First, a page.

Northern Prairie Wildlife Research Center
Muskingum Sedge (Carex muskingumensis)
- Family: Sedge (Cyperaceae)
- Flowering: May-October.
- Field Marks: This species is readily distinguished by its long, pointed, narrowly elliptical spikes. The perigynia are long and narrow.
- Habitat: Swamps, floodplain woods, bottomland hardwood forests.
- Habit: Perennial herb with thickened rootstocks.
- Stems: Erect, rough to the touch, up to 3 feet tall.
- Leaves: Elongated, narrow, shorter than the stems, smooth, up to 1/4 inch broad.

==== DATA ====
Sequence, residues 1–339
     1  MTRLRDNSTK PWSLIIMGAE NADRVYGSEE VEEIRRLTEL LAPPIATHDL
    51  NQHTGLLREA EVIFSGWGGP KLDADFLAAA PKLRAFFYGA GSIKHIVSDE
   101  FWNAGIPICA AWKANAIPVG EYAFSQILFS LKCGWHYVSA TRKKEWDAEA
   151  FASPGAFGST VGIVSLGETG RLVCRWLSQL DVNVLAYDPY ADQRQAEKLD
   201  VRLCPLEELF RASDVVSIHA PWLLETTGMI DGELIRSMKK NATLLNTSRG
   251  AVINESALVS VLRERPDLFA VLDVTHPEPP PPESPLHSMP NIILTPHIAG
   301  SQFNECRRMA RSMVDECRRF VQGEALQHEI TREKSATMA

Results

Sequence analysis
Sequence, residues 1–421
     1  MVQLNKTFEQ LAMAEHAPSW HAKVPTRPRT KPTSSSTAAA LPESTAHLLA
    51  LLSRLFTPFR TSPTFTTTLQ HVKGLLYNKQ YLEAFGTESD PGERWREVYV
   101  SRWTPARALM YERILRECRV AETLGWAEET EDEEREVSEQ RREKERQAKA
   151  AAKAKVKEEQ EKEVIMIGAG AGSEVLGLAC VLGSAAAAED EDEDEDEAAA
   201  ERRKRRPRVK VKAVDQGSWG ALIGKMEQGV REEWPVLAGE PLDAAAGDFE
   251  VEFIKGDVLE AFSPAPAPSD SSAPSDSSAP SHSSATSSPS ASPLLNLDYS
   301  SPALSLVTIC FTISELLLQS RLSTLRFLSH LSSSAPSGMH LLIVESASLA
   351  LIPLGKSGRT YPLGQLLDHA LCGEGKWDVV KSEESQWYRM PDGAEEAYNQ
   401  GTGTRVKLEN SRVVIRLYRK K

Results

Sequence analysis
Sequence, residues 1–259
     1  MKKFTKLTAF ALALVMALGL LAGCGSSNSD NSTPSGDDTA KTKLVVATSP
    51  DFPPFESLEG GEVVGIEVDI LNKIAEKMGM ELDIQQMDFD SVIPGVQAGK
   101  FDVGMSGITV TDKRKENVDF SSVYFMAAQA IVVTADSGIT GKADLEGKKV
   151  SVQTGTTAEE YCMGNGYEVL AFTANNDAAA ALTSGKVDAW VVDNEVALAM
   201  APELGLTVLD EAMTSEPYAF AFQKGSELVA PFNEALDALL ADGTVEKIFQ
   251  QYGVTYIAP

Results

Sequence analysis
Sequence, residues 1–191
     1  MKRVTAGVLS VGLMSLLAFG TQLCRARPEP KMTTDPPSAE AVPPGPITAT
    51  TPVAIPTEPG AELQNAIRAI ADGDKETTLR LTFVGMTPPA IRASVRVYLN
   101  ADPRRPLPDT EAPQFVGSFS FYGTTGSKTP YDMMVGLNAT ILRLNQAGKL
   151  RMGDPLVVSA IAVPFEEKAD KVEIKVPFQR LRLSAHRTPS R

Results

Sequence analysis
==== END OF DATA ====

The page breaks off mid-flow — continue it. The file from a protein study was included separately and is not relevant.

- Flowers: Male and female borne separately; the male flowers crowded at the base of the female spikelets; each female spikelet narrowly elliptic, pointed at the tip, up to 1 inch long.
- Scales: Lanceolate to ovate, pointed or rounded at the tip, up to 1/6 inch long.
- Sepals: 0.
- Petals: 0.
- Stamens: 3.
- Pistils: Enclosed in a perigynium; the perigynium flat, lanceolate, up to 1/2 inch long, finely toothed along the margins and 2-toothed at the tip.
- Fruits: Achenes smooth, narrowly oblong, about 1/16 inch long.
- Notes: The achenes are eaten by waterfowl.
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